FIRST PERSON - Alex Magno - The Philippine Star

The first time Sta. Rosa congressman Dan Fernandez delivered a privilege speech at the floor, it was to propose renaming the country Ophir.

The legislator claimed that the Biblical land of Ophir is actually the Philippines. This is a place, according to the ancient scrolls, that overflows with gold.

To support his claim, Fernandez quotes (unreliably) ancient documents that speak of such a wealthy land. He (wrongly) claims the Philippines had the second largest gold deposits in the world after Africa. Furthermore, he (wrongly) asserts that the ancient Tagalog script is similar to Hebrew.

After delivering the speech, there is no record Fernandez pursued his proposal by submitting a draft bill renaming the country. His use of the congressional privilege hour, where legislators are invited to discuss matters they consider important, was a complete waste of time.

This is not, however, the most egregious thing Fernandez has done on the floor.

More recently, Fernandez used the privilege hour to go into a rant against Meralco. While the issue may be more contemporary, it is a speech that is not disciplined by the facts nor enlightened by a careful study of the power industry. Trump could not have done a better job of warping public understanding of a vital issue.

The crux of his garbled speech, it seems, is to say what seems self-evident: that Meralco is a monopoly. But that needs to be qualified.

Power distribution utilities, whether privately owned or undertaken by cooperatives, are natural monopolies. It is simply the nature of the business. It is not a viable business to have multiple distributors cater to the same area. That means they set up separate poles, lay out separate lines and maintain separate collection systems. The capital costs will be too high and will eventually reflect in stratospheric energy prices.

Besides, the city will choke from an overload of electricity cables. We have recently seen concrete poles collapse under the sheer weight of electricity, phone and television cables.

Had he checked the facts, Fernandez might have realized that Meralco has a “monopoly” only over small consumers. 90 percent of industrial consumption and a third of large commercial consumers chose to have their energy directly supplied by competing retailers such as Aboitiz Power and First Gen.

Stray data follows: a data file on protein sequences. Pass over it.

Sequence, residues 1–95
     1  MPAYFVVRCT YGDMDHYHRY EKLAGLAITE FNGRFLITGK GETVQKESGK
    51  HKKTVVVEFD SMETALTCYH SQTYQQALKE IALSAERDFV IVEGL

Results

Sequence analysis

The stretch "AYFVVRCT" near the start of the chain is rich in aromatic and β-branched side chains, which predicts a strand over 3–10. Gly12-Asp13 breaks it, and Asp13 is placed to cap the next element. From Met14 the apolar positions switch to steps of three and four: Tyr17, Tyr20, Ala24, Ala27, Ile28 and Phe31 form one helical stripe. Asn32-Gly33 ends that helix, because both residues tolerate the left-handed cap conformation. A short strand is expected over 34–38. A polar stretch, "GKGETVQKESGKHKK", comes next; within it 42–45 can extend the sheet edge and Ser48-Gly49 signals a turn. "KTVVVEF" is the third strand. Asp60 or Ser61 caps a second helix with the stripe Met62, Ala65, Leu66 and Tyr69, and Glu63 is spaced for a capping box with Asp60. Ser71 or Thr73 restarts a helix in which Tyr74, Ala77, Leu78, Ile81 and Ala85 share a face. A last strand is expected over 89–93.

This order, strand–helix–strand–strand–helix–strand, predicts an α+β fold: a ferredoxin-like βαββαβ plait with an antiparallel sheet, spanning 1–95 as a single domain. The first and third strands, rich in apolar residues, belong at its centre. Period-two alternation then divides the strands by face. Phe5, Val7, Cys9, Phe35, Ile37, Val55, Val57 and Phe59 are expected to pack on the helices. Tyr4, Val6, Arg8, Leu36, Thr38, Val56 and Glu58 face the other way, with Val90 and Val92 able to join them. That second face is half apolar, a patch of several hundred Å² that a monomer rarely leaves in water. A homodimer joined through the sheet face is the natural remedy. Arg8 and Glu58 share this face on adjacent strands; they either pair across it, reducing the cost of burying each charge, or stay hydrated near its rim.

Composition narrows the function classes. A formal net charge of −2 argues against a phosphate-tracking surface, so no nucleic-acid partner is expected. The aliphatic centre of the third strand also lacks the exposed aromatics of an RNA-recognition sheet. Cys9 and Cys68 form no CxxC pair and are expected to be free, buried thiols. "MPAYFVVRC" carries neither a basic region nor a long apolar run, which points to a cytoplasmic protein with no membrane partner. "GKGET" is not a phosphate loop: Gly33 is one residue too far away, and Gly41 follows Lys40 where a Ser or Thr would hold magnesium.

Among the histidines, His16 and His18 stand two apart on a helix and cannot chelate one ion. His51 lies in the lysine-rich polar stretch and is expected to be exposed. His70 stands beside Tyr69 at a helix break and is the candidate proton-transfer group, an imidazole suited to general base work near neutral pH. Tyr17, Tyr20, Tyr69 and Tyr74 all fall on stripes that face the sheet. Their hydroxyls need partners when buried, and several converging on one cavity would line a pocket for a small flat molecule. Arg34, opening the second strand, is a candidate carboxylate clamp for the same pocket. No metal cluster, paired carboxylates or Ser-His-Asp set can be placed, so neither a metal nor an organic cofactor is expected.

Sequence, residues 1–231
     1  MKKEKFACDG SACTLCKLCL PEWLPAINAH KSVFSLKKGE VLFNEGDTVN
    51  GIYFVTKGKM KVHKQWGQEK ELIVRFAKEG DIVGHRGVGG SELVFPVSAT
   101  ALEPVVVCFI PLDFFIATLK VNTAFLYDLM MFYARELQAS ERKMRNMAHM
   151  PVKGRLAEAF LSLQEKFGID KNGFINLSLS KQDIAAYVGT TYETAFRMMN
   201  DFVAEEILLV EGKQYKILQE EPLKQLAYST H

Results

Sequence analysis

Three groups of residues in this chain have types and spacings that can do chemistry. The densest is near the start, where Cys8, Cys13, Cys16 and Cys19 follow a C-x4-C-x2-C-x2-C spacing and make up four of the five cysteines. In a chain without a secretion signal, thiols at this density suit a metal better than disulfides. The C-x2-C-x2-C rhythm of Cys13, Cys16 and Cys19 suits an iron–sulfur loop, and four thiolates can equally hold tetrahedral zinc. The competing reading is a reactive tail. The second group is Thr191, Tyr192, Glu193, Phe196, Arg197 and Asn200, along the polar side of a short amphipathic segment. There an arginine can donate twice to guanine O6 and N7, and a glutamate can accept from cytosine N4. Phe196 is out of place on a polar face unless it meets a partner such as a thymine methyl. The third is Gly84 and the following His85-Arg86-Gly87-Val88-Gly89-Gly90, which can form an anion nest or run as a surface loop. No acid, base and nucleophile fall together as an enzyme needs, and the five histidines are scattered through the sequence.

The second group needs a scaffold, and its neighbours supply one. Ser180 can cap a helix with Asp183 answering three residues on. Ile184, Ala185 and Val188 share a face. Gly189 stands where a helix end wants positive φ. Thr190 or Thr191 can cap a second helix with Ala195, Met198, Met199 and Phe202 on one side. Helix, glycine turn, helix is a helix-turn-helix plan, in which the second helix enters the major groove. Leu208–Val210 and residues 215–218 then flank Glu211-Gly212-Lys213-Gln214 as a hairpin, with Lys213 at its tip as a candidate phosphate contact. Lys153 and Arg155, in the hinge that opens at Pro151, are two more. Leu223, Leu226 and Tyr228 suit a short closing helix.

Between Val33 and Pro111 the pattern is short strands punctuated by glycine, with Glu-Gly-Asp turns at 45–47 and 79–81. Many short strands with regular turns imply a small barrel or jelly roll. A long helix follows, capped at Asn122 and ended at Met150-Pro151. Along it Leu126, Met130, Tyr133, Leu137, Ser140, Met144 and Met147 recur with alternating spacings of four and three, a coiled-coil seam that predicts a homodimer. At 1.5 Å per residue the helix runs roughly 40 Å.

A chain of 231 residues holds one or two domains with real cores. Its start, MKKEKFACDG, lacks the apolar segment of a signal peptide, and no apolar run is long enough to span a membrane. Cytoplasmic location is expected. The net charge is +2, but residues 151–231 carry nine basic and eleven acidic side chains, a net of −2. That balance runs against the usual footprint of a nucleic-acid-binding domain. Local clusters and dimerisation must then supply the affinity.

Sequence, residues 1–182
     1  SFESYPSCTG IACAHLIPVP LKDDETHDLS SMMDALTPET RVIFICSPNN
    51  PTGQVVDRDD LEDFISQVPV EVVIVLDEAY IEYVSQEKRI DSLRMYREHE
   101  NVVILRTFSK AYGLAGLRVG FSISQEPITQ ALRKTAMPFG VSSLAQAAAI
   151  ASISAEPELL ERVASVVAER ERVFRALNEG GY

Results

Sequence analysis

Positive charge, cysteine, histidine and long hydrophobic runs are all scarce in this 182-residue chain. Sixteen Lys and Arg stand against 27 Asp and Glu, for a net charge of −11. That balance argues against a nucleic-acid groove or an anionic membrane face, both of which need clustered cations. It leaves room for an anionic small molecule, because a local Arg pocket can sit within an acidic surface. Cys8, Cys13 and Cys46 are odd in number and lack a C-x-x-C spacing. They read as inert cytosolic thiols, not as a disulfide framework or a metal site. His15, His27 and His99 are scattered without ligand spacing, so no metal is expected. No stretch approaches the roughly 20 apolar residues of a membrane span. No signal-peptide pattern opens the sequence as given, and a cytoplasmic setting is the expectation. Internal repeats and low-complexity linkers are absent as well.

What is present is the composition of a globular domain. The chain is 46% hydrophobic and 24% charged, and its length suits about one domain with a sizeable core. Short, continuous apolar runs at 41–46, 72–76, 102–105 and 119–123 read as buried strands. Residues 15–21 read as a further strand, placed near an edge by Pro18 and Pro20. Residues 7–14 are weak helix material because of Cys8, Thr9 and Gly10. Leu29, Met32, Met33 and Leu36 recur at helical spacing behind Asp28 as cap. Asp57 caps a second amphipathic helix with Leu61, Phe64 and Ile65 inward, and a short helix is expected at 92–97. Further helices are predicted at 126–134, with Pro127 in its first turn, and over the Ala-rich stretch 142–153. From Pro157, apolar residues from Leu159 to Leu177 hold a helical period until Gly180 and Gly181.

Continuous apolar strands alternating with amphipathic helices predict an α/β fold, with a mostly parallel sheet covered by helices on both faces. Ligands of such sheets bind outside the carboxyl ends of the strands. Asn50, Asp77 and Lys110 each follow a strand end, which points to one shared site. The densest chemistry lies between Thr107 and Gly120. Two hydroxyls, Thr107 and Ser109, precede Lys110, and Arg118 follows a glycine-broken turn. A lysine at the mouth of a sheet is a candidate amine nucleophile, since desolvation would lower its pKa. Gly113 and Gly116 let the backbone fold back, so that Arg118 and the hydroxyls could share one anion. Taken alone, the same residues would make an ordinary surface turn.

Proceeding from his undramatic realization that Meralco is a “monopoly,” Fernandez accuses the distribution utility of “control” over consumers. That is not true. Average consumers can always choose to lay out their own connection to the grid, although that will require unrealistic investments on their part – including purchase of step-down transformers and miles of cable. Every other alternative to the present distribution system is uneconomical.

Having proceeded from erroneous premises, Fernandez claims that Meralco has such great power that it indulges in economic sabotage. He (wrongly) claims that the distribution company “controls” 65 percent of the national economy. In fact, Meralco services the National Capital Region and a few contiguous areas around it. The entire service area contributes a third of the GDP.

Economic sabotage is a serious charge. Fernandez might have served his audience better by checking how this crime is defined is our laws.

Fernandez overlooks the fact that while Meralco is one of our biggest companies, it is also among the most heavily regulated. When the Energy Regulatory Commission (ERC) ordered distribution utilities to refund customers P48 billion, only Meralco fully complied.

All power supply agreements, under ERC oversight, must be negotiated competitively and transparently. Meralco has met, if not exceeded, all regulatory standards in this regard. The company continues to keep improving on the economies of scale to be viable long into the future.

Fernandez waddles into technical issues he does not understand.

He tries to accuse Meralco of profiteering by using a higher Weighted Average Cost of Capital (WACC). Without telling us why it should be so, Fernandez says Meralco’s WACC ought to be 9.26 percent and not the prevailing 14.97 percent. He neglects to mention that the WACC is an entirely regulatory measure, not a pricing one. It is the ERC that determines the WACC.

With the sly smile of a vaudeville host, Fernandez tries to pass on the intrigue that Meralco is deathly afraid of its customers shifting to net metering. This is the system where homes that generate their own electricity – say, through solar panels – will get credits from the distribution utility.

What Fernandez does not know is that it is a Meralco business unit that pioneered and propagates net metering arrangements. It improves the company’s economies of scale. The bulk of distribution revenues comes from the large consumers, not the small ones. Solar panels cannot power our industries and renewable energy continues to have marginally higher costs.

Recently, Meralco announced it was investing billions in renewable energy generation. This diversifies their power sourcing and is good for the planet.

What Fernandez fails to mention in his meandering and incoherent speech is that his own constituents in Laguna and Batangas are pleading to be covered by Meralco’s distribution network. The electric cooperatives holding them captive deliver inconsistent power at much higher prices. Meralco, comparatively, delivers clean and reliable power at cheaper rates.

Consumers are now trying to block First Laguna Electric Cooperative (FLECO) from winning a renewal of their franchise. Fernandez should have a talk with them.

During the privilege hour, legislators have the liberty to talk about anything they fancy. But they should first educate themselves.

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